All That I Have Written Is Straw. . .

Meanderings of a Catholic Devout

Passing Quietly in the Night

with 2 comments


I heard the news this weekend that a dear soul passed away.  I hadn’t spoken with her in several years (over a decade), but she was the sweetest woman I had ever met thus far and very motherly to me when I lived abroad.

I prayed a couple of rosaries in her honor and a Divine Mercy chaplet.  According to her daughter, she was very faithful and she did not suffer.  There is such an idea of mercy in that thought.

Peita of Michelangelo

Pieta of Michelangelo

This past week had much to do with mothers.  I had a rare dream a few nights ago about my own mother, who passed away in 1987 when I was only eight years old.  I don’t really recall much about her and the memories I have of her aren’t as vivid or filled with motherly closeness as those of my siblings.  In my dream, my mother came to pay me a visit, just to chat.  And strangely enough, it’s as if I were expecting her.  (In the past, I would dream she was still alive and in my dream, I would be very angry with her for letting me believe she was dead all these years.  Yes, there is a lot of psychoanalysis to be done on that, I’m sure.)  She was like a neighbor coming over just to catch up on gossip.  I cannot recall exactly what we chatted about, but I just distinctly remember that dream.

When my maternal grandmother passed away in 2003, I had many dreams in which I was conversing with her shortly after her death.  Prior to this, I hadn’t been particularly close with the woman (especially not after my mother’s death), so it was very strange to dream about her.  I get this feeling like I was making peace with her in a post-mortem way.  Occasionally, I still have conversations with her.  Moreso than I dream of my own mother.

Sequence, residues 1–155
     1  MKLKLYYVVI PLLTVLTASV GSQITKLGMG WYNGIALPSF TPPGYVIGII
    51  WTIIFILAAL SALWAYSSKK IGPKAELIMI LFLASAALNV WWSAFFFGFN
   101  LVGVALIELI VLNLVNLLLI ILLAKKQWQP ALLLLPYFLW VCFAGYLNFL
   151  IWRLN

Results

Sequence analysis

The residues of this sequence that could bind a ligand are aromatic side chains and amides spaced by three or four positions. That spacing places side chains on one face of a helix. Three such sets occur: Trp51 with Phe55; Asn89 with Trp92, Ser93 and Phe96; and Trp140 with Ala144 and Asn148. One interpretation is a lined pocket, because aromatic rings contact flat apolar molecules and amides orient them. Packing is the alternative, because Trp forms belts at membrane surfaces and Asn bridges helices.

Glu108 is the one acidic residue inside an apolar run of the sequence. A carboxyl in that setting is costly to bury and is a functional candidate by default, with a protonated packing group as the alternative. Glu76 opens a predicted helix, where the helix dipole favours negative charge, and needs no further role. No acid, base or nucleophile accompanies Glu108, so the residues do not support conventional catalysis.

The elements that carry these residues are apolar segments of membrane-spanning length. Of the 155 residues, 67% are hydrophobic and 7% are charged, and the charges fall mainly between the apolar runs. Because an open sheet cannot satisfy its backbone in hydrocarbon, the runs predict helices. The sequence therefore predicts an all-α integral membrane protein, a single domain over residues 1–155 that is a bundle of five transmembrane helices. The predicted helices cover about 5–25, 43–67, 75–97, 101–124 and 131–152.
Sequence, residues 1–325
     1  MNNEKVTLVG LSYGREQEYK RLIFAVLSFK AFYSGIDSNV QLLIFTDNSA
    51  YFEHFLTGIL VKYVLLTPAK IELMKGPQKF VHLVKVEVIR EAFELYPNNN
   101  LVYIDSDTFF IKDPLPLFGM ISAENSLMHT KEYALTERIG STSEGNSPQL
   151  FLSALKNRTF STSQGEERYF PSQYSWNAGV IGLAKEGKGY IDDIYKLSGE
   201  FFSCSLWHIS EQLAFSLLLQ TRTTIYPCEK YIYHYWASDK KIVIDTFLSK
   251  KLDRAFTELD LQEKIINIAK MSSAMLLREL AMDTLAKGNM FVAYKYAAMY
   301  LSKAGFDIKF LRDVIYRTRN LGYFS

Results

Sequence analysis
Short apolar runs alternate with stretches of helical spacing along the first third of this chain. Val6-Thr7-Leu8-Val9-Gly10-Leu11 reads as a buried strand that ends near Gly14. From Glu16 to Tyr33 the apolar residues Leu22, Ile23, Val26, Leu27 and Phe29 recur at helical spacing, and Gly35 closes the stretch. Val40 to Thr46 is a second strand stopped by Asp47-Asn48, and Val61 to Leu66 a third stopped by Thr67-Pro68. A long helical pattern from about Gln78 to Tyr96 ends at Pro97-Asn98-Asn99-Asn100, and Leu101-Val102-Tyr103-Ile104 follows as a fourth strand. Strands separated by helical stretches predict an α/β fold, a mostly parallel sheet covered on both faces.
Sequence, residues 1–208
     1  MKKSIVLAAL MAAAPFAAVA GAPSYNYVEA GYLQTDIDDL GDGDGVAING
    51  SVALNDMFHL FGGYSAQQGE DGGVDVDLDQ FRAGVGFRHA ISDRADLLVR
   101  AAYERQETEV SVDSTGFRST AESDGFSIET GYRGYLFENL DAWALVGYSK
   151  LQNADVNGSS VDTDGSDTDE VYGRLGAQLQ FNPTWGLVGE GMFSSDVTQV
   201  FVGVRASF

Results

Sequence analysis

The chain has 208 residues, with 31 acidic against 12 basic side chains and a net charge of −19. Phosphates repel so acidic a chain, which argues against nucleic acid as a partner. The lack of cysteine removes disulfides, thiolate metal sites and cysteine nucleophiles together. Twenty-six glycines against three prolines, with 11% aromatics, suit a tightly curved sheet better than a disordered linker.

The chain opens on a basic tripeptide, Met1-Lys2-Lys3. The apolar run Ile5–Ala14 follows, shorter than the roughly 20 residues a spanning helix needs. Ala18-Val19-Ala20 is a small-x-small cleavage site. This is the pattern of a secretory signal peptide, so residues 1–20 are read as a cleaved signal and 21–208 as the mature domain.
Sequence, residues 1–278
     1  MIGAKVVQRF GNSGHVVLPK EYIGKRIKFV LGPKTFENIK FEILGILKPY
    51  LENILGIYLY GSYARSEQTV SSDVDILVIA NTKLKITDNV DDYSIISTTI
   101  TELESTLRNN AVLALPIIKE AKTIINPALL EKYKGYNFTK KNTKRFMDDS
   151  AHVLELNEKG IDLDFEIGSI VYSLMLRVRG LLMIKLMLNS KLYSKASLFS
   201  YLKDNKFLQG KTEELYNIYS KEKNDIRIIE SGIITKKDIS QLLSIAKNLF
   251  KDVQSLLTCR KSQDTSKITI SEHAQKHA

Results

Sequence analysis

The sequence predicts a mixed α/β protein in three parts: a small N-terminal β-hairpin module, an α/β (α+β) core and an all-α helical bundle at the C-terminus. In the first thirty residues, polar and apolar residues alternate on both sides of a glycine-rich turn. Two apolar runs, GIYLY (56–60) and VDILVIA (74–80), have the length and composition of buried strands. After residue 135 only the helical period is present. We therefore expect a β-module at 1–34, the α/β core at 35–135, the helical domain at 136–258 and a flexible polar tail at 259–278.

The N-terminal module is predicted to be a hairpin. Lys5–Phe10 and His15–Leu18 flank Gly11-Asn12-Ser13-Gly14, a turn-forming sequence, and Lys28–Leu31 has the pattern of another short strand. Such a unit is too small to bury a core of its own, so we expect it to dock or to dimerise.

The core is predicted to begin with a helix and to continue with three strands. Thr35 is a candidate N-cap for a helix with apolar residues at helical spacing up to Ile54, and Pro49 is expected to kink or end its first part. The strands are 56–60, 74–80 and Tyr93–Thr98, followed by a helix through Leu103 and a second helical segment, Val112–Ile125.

Some people say to me that they can’t imagine life without having a mother.  For me, it’s very difficult to imagine having one around.  Over the years, it was always extremely difficult for me to attach to mother-figures, particularly of boyfriends (including the ex-husband’s mother).  It always seems for one reason or another, they never stick around in my life.  They are always the last relationship I try to foster. 

When I was finding my faith, though, the idea of Mary stuck like glue.  She was one great Mother who I knew would never let me out of her oversight.  She remains constantly in my life no matter the trial or circumstance.  Through her, it was much easier to love and appreciate her son.  In my conversion, she was the first relationship I sought, mostly due to my own skepticism.  I still am quite devoted to her and truly believe that her intercession for us with her Son is unmatched in grace and effectiveness.  (How could a Son resist the wishes of his beloved Mother?)

Since this weekend’s gospel recalled the Good Shepherd and the Prodigal Son parables, forgiveness is key.  At the points of my life in which I find forgiving myself is the hardest point to overcome, I reflect on Mary’s motherly love.  And I think of how a mother forgives her children despite their wrongdoing, no matter what the crime (fathers, too!).  Forgiving myself, or rather, understanding that I am worthy of forgiveness, comes much more easily thereafter.

So I am quite certain that a wonderful mother, who passed quietly away thousands of miles away, will still bring comfort and guidance to her children, even long after she is gone. 

May the Divine Assistance remain always with us.  And may the souls of the faithful departed, especially Madame C—, rest in peace.  Amen.

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Written by Written Straw

September 12, 2010 at 4:59 pm

Posted in Catholic, Faith, Life

Tagged with , , , ,

2 Responses

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  1. Thank you, E. Thank you.

    M.

    September 13, 2010 at 9:30 pm

    • M–

      Of course, you and your family are in my prayers as well. If there’s anything I can offer, just let me know.

      Written Straw

      September 14, 2010 at 7:05 pm


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